Saturday, July 16, 2005

NKF - reality check

NKF "saga"

Long term
I had some strong reactions, but I guess in the end what's of utmost concern in the long term is whether the system in place that is supposed to regulate how public charity collections are utilised is sufficiently accountable. It's quite disappointing that it takes an ironic and extraordinary twist of a defamation suit gone wrong to expose all these details of bad practices. Granted, NKF is not your typical local charity in terms of size and amount of collections so I guess we can take this as a lesson and set higher regulatory standards. Another sound idea mooted by PM is that perhaps excess funds (if you ask me, the temptation of the millions stuck there was just too great) be redistributed to other charities under various umbrella organizations.

NKF board resignation
It's a wise move for the board to resign as this will salvage the NKF name which has been built with much hard work. At least in this move we know the board and government, which I'm sure played a significant hand in the decision, have the interests of the NKF charitable cause at heart and don't want it being pulled down utterly together with these revelations.

Dishonest? Criminal?
The revelations were a a public shocker for understandable reasons. For the typical man-on-the-street, the image of golden taps paid for by public donations is something that will stick. Most people have an expectation of a charity. And those revelations were definately not what they expected.

A charity is a business is a charity is a business
Some people I spoke to think that it the perks were alright. After all, top dollar for top talent. Perhaps we're forgetting that this is not a business or company and that money raised from charity is a COLLECTION and not an EARNING. If you ask me, there's something terribly wrong about pegging Mr Durai's 10-month bonus to his 'performance' of having raised lots of money. Don't get me wrong, efforts should be lauded and rewarded no doubt, but how do you draw the line? Seems like the board drew it at 10 months. Civil servants get 1 or 2 month bonus and everyone nags. 10 months. Come on. I FORGOT, DID ANYONE SHOW THE DONORS WHO DONATED MORE ANY APPRECIATION?

The terminology is disturbing though and is a reflection of what WF put it as "the blurring of the line between a business and a charity".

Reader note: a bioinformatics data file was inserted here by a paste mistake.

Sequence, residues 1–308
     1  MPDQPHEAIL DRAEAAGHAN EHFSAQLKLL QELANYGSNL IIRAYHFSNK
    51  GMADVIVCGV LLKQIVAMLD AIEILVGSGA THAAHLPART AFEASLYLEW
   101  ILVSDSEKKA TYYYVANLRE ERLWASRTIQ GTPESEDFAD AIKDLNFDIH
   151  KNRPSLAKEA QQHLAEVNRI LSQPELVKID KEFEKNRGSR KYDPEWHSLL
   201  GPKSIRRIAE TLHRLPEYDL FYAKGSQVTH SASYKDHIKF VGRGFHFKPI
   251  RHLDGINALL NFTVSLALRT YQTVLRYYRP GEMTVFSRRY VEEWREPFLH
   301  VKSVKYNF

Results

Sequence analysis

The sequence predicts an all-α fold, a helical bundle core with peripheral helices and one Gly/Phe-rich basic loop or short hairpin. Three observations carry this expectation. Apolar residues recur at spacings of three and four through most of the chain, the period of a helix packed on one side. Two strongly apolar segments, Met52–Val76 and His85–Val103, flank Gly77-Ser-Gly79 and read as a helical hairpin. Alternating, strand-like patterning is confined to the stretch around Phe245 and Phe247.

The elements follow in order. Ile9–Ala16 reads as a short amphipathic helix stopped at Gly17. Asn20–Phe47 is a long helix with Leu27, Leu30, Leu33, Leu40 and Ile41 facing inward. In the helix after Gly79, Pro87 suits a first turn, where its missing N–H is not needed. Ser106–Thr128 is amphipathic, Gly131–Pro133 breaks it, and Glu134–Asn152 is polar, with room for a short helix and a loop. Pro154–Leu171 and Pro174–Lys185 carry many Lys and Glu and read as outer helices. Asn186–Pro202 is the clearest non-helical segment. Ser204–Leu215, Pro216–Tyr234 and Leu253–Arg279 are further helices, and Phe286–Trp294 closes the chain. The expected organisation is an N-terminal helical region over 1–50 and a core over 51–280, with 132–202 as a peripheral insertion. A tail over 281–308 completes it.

What change is this? For example, we need to pay the top management top dollar to generate as much donations as possible. The consideration of NKF as a "brand-name". I'd rather call it the spirit or ideal. To me, this is evil (yes! hahaha) marketing terminology and mindset taking over everywhere, even in how charities are run.

Mr Durai talks about how he built up the brand name etcetc and I know he has worked hard. Proud that you donated because you had a chance to win a condo or car? Entralled by the dangerous and exciting stunts that you decided to donate to help a needy kidney patient? Excellent marketing tactics don't you think? What's more the product you're selling is... without competition and based on sympathy! Sometimes I get carried away by the prizes and end up with heaps of guilt when I realise that SMS was actually from NKF.

I hear echos of "so what?" As long as we get the money pouring in, patients getting help, who cares what really motivated people to donate? You come down from your idealistic cloud high up there and wake up, THE ENDS JUSTIFY THE MEANS!

Well, but I would never know your motivation to donate right? So I'd not comment and just take the money. I suspect that's what Durai and Co were thinking. Fine. After a while, the money swells up so rapidly beyond what they need and instead of distributing it to other charities (hey, they don't even have to be related - social causes, halfway houses, orphanages), they start to develop a sense of ownership over the funds (my talented marketing and promotion genius caused all these collections - they're mine!), and do all these guilt-ridden things.

How did we know they were guilt-ridden things? Because they tried to hide them! Lied about them. And arragont they were. Sued those who spoke out against them. Got away with it twice. Their head swelled. They tried it again against a party that always covers its back - the press. And SPH just replies with some casual blows and now the whole world knows their little secrets.

Moving on
1 thing that is clear is... there's lying and coverup going on. And no way is the public going to stand for that with their donations. I recommend an audit. Bring all expenditures and perks to light. They say they've done nothing wrong? Then be ready to be cleared and declared innocent, or else to face disgrace, or possible criminal litigation. They should come clean with the books - rather than let this cloud linger over the rest of their public life.

I think they learnt something the hard way - they're a charity, not a business. And its clear from public reaction that most people still distinguish a charity from a business. They didn't only donate to win that condo. Amen to that.

And government regulation regarding charities should be revamped. For charities beyond a certain size, more transparency.

As for the use of stunts and lucky draws to entice donors - I leave that to whichever is the source of your moral guidance.

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